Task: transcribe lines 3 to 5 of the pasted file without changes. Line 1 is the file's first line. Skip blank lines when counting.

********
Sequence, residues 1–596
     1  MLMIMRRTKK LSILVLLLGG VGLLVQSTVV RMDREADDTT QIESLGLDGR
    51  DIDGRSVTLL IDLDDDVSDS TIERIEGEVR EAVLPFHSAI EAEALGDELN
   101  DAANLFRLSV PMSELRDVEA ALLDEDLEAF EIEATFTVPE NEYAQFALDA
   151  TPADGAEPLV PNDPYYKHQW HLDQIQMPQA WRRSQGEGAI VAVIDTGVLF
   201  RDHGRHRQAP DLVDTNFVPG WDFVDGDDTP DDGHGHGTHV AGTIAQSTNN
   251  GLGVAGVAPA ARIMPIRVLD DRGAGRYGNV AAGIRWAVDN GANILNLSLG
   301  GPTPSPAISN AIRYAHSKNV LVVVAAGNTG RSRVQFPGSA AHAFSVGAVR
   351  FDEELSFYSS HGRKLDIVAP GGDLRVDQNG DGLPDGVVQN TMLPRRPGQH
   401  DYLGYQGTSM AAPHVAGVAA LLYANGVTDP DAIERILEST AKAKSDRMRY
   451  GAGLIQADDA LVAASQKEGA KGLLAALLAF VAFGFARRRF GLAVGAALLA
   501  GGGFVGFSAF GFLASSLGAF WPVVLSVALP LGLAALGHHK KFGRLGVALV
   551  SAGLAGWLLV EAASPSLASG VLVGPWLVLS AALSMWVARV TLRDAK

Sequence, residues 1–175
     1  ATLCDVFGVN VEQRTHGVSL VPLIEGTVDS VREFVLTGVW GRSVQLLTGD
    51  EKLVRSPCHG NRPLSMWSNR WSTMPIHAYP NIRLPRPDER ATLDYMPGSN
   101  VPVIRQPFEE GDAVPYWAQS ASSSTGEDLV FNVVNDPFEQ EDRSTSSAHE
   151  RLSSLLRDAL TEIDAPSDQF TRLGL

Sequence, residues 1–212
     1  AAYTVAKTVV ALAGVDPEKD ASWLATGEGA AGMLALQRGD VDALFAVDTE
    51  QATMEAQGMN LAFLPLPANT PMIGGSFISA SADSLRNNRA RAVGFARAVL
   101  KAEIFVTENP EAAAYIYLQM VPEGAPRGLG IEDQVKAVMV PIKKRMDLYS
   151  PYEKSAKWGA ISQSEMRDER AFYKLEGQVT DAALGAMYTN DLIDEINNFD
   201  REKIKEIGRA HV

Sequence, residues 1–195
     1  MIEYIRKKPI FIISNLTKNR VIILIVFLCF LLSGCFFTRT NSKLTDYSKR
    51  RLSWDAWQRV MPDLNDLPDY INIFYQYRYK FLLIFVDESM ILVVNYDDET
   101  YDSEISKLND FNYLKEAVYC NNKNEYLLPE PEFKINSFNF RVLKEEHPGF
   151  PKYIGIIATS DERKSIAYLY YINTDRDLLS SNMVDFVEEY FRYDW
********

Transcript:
    51  DIDGRSVTLL IDLDDDVSDS TIERIEGEVR EAVLPFHSAI EAEALGDELN
   101  DAANLFRLSV PMSELRDVEA ALLDEDLEAF EIEATFTVPE NEYAQFALDA
   151  TPADGAEPLV PNDPYYKHQW HLDQIQMPQA WRRSQGEGAI VAVIDTGVLF